Many years ago, I was told if you want something sold, do not go to Purchasing…if you want a job (any), do NOT go to HR. Gut has to come from somewhere. Lag, lag, lag…Too much time getting freeking anal with every Tom, Dick, and Mary that must get involved. Essentially, we have lost the power of one person strong. A man cannot be a man, he must be androgenous. Frankly, with the very small amount of jobs (here in CT, there is a big crapper fo0r biz dev people. The 50-60 year olds are getting shoved aside and are losing the very cream of experience. Mentoring is going away to the power of women in the marketplace and the displacement of the finest group money WILL have to buy in a few years. Execs will come crawling back to boomers who will walk and continue to suck the system of SS benefits, cause that’s all thats left…or working WalMart. Our society knows the the 35-45 yeart old group coming up had little compettion because of a dip in the population…Yes, its all statistics. Service has no strength, young folk need role models. Even watchiong sports events…I got off topic there…get rid of EEO, Affirmative Action and get rid of not hiring folk with a felony…these choices will be seen in the very near future. Get real. Our society will be supported by a very weak small population holding up disabled, disinterested, and the millions on SS bennies. 30
% holding up 70%…the debt is getting heavier…wake up America! If we cannot hire the best because Hr Gets their arses in the way, they choke on it! Honor our war dead!
The Wall Street Journal: In an essay in this newspaper last fall, Peter Cappelli, a professor of management and human resources at the University of Pennsylvania’s Wharton School, challenged the oft-heard complaint from employers that they can’t find good workers with the right skills. “The real culprits are the employers themselves,” he asserted.
@Eerik: Thanks for the link — that’s a great article. Why isn’t anyone else pointing at the emperor running around buck naked, crying about “Talent shortage!”?
What are we to make of a VP of Sales putting off an interview to cater to HR ?
This VP is (one or more of the following):
1. Obeying the Peter Principle
2. Allowing coworkers to “run the show”
3. Errantly respecting this specific HR rep
4. NOT a true salesperson
5. Not “getting it”
6. Waiting for the candidate to SELL himself
If you think #6 is a “game” then congratulations and welcome to the wonderful world of sales !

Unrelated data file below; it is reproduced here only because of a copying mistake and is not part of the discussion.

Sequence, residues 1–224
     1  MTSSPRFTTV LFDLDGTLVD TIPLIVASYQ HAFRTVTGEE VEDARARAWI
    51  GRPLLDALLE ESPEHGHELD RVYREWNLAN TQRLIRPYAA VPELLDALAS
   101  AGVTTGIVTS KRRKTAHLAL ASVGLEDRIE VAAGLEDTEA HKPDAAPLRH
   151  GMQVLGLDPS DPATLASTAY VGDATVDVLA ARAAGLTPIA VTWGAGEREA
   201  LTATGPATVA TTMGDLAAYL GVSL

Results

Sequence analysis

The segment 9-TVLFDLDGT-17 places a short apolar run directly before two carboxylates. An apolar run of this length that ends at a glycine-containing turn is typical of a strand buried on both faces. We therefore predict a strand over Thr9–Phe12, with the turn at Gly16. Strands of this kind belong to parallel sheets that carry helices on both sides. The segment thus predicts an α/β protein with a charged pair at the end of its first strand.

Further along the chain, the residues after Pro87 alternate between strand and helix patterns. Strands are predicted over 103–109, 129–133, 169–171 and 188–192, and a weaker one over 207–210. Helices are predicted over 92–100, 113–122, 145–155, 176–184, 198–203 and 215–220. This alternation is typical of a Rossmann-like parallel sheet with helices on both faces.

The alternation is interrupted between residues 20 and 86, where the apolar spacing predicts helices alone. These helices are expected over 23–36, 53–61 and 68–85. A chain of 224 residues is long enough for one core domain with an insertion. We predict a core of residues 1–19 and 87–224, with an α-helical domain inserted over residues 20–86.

Like Nick says, show how you’d do the job in the interview.
I did this at a car dealership when the hiring manager let me “sit” alone while he ran off to the back room during the interview. I only waited a limited time, then went out the front door to chat with the sales staff.
Not more than several minutes later the hiring manager came out to get me to “…continue the interview…”
He sent me right over to the NEW car sales department. As I found out, he primed the new car sales manager with “I’m sending over an interviewee…this guy’s got class!”
Although I did not accept the position (they wanted me to start training within days) I certainly made a lasting impression.
So, concerning the HR rep that is subject of this blog, I’d at most offer to screen the HR rep over the phone thereby throwing the ball back in the sales VP’s lap. If they appreciated this tactic for what it is (saving time, showing sales savvy all the while respecting HR for what their “real” role is, etc) then the in-person “interview” may go forward on a mutually acceptable date/time.
Your time is as golden as their’s is. Be polite, don’t let anyone waste their (thats right, “their”) own time and they’ll respect YOURS.
The KISS principle…very effective…try it, you’ll like it.
One thing hasn’t been discussed completely in these terms — HR folks have sensitive egos. They, I think, believe they are in place (I think on some level) to “protect” the company and “screen” for folks who “fit in” the company “culture”. What most company’s may not be clear about is that the HR view of the company culture is very often not indicative of the actual company culture.
I have never, ever had an HR person actually know or experience the same culture that I experience in R&D, Dev, Eng. or Product Mktg. It is truly a joke that these individuals are given the responsibility of “screening” candidates for “fits”.
Speaking of “fits”. wouldn’t that make a great blog article? So much can be said about that illusive topic… “fits”….